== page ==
Influence of electrode thermal conductivity on resistive switching behavior during reset process
May 19-23, 2019
Resistive random access memory (RRAM) is the most promising candidate for non-volatile memory (NVM) due to its extremely low operation voltage, extremely fast write/erase speed, and excellent scaling capability. However, an obstacle hindering mass production of RRAM is the non-uniform physical mechanism in its resistance switching process. This study examines the influence of different electrode thermal conductivity on switching behavior during the reset process. Electrical analysis methods and an analysis of current conduction mechanism indicate that better thermal conductivity in the electrode will require larger input power in order to induce more active oxygen ions to take part in the reset process. More active oxygen ions cause a more complete reaction during the reset process, and cause the effective switching gap (dsw) to become thicker. The effect of the electrode thermal conductivity and input power are explained by our model and clarified by electrical analysis methods.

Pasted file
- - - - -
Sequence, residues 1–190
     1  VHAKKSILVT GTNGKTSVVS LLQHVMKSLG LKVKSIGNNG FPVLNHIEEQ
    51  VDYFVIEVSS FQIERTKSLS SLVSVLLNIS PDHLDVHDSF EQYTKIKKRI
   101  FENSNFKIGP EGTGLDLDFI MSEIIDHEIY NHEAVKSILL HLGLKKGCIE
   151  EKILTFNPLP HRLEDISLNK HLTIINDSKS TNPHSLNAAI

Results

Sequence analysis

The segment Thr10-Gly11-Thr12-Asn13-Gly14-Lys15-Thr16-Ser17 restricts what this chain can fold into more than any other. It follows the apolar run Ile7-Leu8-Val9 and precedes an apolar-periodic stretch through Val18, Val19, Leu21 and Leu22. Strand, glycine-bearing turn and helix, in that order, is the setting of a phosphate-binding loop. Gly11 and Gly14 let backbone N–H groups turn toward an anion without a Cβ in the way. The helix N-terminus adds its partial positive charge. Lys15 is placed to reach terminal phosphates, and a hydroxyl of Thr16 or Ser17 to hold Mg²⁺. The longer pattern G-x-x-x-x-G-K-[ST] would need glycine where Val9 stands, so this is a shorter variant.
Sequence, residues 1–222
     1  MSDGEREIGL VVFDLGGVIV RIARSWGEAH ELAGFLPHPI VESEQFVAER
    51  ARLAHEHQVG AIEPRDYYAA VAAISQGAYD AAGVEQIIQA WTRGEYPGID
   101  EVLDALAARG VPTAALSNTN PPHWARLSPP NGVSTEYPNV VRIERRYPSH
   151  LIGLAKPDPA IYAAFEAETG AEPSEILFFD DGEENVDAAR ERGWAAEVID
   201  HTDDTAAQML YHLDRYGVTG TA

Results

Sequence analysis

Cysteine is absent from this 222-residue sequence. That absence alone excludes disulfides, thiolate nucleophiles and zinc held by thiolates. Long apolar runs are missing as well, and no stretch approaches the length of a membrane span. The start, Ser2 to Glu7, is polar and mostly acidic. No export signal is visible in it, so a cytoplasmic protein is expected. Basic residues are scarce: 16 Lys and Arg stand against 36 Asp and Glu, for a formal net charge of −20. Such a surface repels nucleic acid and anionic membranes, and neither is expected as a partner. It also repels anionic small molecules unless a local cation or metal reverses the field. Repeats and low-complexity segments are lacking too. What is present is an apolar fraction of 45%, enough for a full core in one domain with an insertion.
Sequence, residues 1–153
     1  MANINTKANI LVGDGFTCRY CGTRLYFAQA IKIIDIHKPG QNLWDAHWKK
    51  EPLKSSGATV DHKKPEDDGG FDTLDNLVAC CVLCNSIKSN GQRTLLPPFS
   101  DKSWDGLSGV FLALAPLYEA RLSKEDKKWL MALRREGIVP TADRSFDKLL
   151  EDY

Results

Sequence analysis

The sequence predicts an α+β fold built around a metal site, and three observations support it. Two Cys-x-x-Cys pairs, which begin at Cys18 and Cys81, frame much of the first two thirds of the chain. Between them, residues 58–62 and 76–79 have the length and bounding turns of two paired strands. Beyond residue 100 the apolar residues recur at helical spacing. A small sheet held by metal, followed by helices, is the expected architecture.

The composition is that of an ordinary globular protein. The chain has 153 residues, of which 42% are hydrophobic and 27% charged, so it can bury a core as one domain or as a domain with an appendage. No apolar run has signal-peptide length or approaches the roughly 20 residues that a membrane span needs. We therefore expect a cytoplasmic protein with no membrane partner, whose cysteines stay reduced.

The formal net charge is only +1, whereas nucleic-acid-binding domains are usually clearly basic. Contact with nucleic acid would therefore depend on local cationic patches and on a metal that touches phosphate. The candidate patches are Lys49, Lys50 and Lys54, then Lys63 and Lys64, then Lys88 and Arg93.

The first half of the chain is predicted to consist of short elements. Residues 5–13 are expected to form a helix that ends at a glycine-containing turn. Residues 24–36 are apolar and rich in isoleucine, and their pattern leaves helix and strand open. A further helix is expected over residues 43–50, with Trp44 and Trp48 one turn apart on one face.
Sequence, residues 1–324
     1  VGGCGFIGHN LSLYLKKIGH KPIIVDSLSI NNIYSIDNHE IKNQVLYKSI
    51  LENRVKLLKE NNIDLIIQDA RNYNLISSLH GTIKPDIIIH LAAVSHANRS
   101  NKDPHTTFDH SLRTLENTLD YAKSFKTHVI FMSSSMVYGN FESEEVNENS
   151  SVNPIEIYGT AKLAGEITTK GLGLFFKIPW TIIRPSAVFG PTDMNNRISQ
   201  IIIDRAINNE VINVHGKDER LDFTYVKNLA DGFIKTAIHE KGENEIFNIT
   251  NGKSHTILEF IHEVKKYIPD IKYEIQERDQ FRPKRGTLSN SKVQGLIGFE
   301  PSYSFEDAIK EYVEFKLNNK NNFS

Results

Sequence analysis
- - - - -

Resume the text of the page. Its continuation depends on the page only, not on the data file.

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Cheng-Hsien Wu, You-Lin Xu, Shih-Kai Lin, Tsung-Ming Tsai, and Ting-Chang Chang, "Influence of electrode thermal conductivity on resistive switching behavior during reset process" in "Semiconductor Technology for Ultra Large Scale Integrated Circuits and Thin Film Transistors VII", Yue Kuo, Texas A&M University, USA Junichi Murota, Tohoku University, Japan Yukiharu Uraoka, Nara Advanced Institute of Science and Technology, Japan Yasuhiro Fukunaka, Kyoto University, Japan Eds, ECI Symposium Series, (2019). https://dc.engconfintl.org/ulsic_tft_vii/9